Comparison of plumage intensity in Florida grasshopper sparrows (Ammodramus savannarum floridanus) when given NEKTON-S or NEKTON-Gelb dietary supplement at White Oak Conservation, with evidence of sexual plumage variation.
Crenshaw LC, Garlinger RD, Parrot RE, and Schumann AG. 2021. Comparison of plumage intensity in Florida grasshopper sparrows (Ammodramus savannarum floridanus) when given NEKTON-S or NEKTON-Gelb dietary supplement at White Oak Conservation, with evidence of sexual plumage variation. In Brooks M, Koutsos E, and Henry B Eds. Proceedings of the Fourteenth Conference on Zoo and Wildlife Nutrition, Zoo and Wildlife Nutrition Foundation and AZA Nutrition Advisory Group, Virtual.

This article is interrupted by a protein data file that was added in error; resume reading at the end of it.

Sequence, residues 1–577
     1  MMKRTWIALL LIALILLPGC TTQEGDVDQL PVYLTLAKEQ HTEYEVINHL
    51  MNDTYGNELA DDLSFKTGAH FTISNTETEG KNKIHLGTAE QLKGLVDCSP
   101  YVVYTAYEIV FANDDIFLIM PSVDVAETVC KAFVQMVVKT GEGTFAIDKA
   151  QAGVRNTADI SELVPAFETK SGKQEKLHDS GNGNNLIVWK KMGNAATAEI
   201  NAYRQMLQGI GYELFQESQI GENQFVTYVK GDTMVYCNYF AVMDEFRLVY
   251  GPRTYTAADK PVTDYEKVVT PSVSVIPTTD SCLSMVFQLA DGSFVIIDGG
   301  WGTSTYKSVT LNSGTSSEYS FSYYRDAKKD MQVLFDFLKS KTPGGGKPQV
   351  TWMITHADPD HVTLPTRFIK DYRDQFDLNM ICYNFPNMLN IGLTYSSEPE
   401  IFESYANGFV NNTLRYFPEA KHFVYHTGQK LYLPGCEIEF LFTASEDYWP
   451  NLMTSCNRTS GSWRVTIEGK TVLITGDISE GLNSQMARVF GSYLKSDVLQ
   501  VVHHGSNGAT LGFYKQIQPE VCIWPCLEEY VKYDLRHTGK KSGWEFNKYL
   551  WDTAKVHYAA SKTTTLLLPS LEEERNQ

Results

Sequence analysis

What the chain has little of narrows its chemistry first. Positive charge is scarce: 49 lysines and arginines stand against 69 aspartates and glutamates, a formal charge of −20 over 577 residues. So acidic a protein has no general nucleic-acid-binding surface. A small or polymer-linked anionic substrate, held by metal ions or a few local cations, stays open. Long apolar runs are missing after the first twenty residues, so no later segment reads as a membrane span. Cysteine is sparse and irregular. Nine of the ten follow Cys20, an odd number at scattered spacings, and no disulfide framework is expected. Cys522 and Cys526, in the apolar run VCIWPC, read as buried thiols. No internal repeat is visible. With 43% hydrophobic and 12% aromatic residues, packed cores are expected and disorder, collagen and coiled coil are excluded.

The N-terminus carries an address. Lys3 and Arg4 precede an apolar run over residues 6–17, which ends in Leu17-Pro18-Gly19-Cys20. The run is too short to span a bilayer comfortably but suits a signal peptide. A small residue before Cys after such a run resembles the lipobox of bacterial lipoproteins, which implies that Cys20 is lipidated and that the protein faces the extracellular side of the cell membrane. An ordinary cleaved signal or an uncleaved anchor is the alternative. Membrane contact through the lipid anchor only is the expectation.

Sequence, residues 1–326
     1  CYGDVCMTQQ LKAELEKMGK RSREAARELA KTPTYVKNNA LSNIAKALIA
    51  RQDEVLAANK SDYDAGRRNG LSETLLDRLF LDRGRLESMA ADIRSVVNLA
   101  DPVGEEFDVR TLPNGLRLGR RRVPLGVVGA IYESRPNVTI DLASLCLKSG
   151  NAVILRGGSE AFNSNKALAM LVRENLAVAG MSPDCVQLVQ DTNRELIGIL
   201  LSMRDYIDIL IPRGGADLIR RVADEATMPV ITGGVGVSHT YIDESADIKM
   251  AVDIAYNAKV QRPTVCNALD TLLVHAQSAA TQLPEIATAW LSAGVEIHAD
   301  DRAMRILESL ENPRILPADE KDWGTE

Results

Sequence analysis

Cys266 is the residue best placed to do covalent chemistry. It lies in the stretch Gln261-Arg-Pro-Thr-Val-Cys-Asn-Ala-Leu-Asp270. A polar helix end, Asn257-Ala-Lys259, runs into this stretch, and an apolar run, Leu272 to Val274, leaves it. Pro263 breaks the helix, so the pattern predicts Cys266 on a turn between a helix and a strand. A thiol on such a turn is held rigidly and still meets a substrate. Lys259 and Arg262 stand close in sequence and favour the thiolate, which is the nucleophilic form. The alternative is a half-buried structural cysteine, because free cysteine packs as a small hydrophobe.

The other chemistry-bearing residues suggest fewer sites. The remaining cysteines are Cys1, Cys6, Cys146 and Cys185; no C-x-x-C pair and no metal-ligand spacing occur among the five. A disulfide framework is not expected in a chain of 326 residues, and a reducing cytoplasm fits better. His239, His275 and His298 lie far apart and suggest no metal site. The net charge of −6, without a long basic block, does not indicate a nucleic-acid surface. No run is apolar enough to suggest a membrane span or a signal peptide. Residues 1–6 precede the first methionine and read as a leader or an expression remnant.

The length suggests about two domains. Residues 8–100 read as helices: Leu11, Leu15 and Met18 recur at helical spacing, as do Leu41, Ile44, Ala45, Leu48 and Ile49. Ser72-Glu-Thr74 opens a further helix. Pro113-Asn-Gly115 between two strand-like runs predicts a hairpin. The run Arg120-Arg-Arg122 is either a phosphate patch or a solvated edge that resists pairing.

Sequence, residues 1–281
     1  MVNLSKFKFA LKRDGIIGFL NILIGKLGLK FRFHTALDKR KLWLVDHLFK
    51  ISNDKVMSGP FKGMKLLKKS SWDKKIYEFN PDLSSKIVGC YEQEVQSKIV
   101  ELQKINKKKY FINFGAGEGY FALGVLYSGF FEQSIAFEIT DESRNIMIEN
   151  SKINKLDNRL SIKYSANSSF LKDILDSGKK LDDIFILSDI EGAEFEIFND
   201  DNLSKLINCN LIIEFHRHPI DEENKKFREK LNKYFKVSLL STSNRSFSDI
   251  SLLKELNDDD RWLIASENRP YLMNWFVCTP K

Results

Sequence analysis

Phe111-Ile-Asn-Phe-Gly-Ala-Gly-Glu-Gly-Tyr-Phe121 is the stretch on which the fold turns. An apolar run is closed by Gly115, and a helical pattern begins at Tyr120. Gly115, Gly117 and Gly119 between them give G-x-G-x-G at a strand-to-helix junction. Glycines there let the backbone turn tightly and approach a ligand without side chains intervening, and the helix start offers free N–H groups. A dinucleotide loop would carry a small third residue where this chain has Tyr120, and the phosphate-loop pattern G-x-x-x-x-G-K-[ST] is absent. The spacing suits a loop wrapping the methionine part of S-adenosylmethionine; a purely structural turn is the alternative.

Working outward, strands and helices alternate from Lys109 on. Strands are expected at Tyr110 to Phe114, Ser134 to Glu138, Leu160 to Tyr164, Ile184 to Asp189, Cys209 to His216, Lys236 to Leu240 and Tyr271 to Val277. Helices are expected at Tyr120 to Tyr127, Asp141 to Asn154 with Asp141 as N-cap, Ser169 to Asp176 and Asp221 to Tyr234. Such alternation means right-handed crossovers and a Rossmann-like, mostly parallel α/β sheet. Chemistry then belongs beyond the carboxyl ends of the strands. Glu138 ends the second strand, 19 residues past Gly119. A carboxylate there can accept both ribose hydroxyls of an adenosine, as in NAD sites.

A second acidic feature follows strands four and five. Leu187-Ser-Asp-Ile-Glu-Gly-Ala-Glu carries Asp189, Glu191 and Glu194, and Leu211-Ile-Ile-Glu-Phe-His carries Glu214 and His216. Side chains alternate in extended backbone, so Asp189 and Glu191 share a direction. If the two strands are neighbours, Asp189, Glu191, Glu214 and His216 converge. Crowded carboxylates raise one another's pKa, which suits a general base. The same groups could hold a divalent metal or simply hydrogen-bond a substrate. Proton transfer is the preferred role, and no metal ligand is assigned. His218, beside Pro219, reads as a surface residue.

The Florida grasshopper sparrow (Ammodramus savannarum floridanus) is an endangered subspecies of the grasshopper sparrow complex endemic to the dry prairies of central Florida. Since 2019, White Oak Conservation (hereafter White Oak) has joined the U.S. Fish and Wildlife Service in an ex situ captive breeding program to save this grassland subspecies and has released approximately 300 birds into the wild to date. Florida grasshopper sparrows are predominantly brown, buff, and white, although they also bear yellow lores and wrists pigmented by carotenoids. Anecdotal evidence in the last three years suggests that wild Florida grasshopper sparrows show brighter yellow hues and darker overall plumage than their captive-bred counterparts. Here, we use a captive flock of Florida grasshopper sparrows at White Oak to evaluate whether the beta-carotene enriched dietary supplement NEKTON-GELB is more effective in encouraging bright plumage than the NEKTON-S dietary supplement currently used at White Oak. Thirteen hatch-year individuals were supplemented with NEKTON-S while seven hatch-year individuals were supplemented with NEKTON-GELB from August to the following February or March at which time all birds were photographed. Each individual was evaluated in a blind one-to-one comparison to evaluate which individual possessed brighter lores. This evaluation method was repeated for wrist intensity and overall plumage darkness. The respective win-ratios for each of the three characteristics were then reassociated with the individuals and their treatments. We found that NEKTON-S individuals had significantly yellower wrists than Nekton-GELB individuals (t17 = 2.11, P = 0.04), though lore intensity and overall darkness did not significantly differ. Having identified variation in lore and wrist intensity anecdotally associated with sex, we produced linear models for each characteristic utilizing sex and supplement as independent variables. Two-way ANOVAs revealed no interaction between sex and treatment nor any impact of treatment on plumage, but sex was found to significantly impact lore and wrist intensity (F1 = 6.30, P = 0.02; F1 = 8.26, P = 0.01). We found that males have significantly brighter lores and wrists than females, and that NEKTON-S and NEKTON-GELB do not differ significantly in encouraging intense plumage. Further research should continue the comparative study of NEKTON-S and NEKTON-GELB through the pre-basic molt to fully capture the plumage development cycle of Florida grasshopper sparrows. Additional future research should include validating the plumage differences between male and female Florida grasshopper sparrows and exploring the ecological and evolutionary source behind this variation.11_Crenshaw.pdf     589 KB